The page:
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21. 04. 2017

The Fuel of the Future: Liquified Natural Gas Helps in Reducing the Greenhouse Effect

The 15 largest ships of the world emit just as much pollutants as 750 million cars combined. This is a figure which is shocking and will definitely be mentioned again at this year's Earth Day on April 22nd, 2017. The reason for the high emission of pollutants, such as sulfur oxide, is the use of heavy oil. This viscous material is a residue from petroleum refining and which is often used in long-haul freight traffic. For a long time, marine diesel was the only alternative to heavy oil, as it produces only a fraction of the harmful oxides of nitrogen. Regarded as the environmental-friendly fuel of the future, Liquified Natural Gas (LNG) is attracting all the attention.

The pioneers in LNG plant construction

"LNG offers numerous advantages over conventional fuels," explains Marius Baake, Business Development Manager at Cryotec Anlagenbau GmbH. "LNG is sulfur- free and emits 50 percent less carbon dioxide than conventional marine diesel. Moreover, the fields of application are not limited. Apart from ships, trucks and buses can also be operated with LNG, which can travel at least 1000 kilometers with a single tank filling. Truck engines powered by natural gas are also very quietly - which means that this fuel also offers advantages in terms of noise emissions."

Cryotec Anlagenbau GmbH, a subsidiary of the EPC Group, is one of the pioneers in small scale LNG plant construction. The company, which is based in Wurzen, has so far been the only German company to supply small-scale LNG systems for the production of liquified natural gas for Gazprom in Russia. In addition, CRYOTEC is currently involved in various LNG petrol station projects in Germany and Central Europe.

Conversion from heavy oil to LNG is useful and possible

The conversion of the ships which are still running with heavy oil is possible and, of course, with some costs involved. Nevertheless, a conversion will soon be obligatory for all shipping companies. The International Maritime Organization (IMO), a United Nations agency, has already introduced new standards. According to the new standards, from 2020 the limit of sulfur in the fuel is to be reduced from 3.5 to 0.5 per cent. On the coasts of North America and Europe a limit of 0.1 per cent is already being applied. Therefore, it is worthwhile to convert directly from heavy oil to LNG in the coming years and to replace conventional marine diesel as an alternative.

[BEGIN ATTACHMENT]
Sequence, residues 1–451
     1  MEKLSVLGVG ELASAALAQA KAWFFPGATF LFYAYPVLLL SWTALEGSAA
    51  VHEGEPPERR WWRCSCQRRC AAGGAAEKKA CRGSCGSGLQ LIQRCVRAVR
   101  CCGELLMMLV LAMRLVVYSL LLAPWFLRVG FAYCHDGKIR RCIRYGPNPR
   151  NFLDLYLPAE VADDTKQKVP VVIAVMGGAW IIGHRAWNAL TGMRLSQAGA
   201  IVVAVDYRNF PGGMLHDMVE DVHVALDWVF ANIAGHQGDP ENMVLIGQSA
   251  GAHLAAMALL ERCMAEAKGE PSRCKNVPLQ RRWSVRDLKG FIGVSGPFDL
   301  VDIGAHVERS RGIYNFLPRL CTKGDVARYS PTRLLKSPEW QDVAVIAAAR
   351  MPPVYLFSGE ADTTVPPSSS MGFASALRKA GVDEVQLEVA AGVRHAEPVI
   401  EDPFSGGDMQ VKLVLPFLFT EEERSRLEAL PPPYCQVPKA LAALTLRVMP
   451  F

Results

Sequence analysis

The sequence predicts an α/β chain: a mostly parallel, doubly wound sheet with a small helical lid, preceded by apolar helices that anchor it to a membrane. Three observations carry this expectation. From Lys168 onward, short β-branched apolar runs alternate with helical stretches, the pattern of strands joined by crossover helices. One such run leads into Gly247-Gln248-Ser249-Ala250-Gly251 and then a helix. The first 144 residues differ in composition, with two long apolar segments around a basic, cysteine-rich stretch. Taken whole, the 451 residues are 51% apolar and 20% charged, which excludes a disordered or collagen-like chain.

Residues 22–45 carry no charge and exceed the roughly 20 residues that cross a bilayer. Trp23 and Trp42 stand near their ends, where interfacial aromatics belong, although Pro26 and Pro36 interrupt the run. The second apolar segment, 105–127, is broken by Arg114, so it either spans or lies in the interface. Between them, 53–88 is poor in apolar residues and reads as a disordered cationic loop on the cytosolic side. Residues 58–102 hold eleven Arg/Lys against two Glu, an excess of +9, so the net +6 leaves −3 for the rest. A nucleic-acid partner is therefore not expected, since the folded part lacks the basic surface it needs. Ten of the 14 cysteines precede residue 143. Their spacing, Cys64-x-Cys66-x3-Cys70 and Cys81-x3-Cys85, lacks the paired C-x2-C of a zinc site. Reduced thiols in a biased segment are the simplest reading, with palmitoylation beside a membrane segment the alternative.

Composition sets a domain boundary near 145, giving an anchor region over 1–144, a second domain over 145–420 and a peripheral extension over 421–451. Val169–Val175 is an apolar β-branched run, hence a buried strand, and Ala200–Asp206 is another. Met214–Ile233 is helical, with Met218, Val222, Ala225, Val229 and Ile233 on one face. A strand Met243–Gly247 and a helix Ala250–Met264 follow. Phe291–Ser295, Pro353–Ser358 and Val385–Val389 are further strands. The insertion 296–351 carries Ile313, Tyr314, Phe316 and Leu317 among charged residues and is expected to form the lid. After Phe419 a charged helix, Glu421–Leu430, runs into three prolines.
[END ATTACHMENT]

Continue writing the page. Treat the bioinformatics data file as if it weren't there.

"LNG is free of sulfur, making it the best alternative in terms of environmental and climate protection in long-distance traffic," explains Marius Baake. "Shipping takes up a very large share of pollutant emissions worldwide. Therefore, shipping companies can make a valuable contribution in improving air pollution and climate change by converting to LNG. "

Further picture material is available for download:
Copyright: Cryotec Anlagenbau GmbH

About the EPC Group
The EPC Group is an internationally active engineering and plant construction company as well as a provider of innovative technologies. The company's activities are focused on the planning and realization of infrastructure projects and industrial plants in the chemical, polymers and fibers, renewable energies, biotechnology, pharmaceuticals, cryogenic plants and technical gases industries. With a tradition going back more than 140 years, the EPC Group today has over 300 highly motivated employees spread out at eight German locations as well as representative offices in Russia.

It is the combination of experience, research and development that lead to successful innovations in engineering and industrial plant construction. From process development to planning, implementation, maintenance, and modernization, the EPC Group is setting up plants worldwide that are both state-of-the-art and socially responsible. In doing so, the company is constantly developing innovative ideas and creative solutions to overcome the various challenges of its customers, in keeping in line with its motto "Ideas Inside".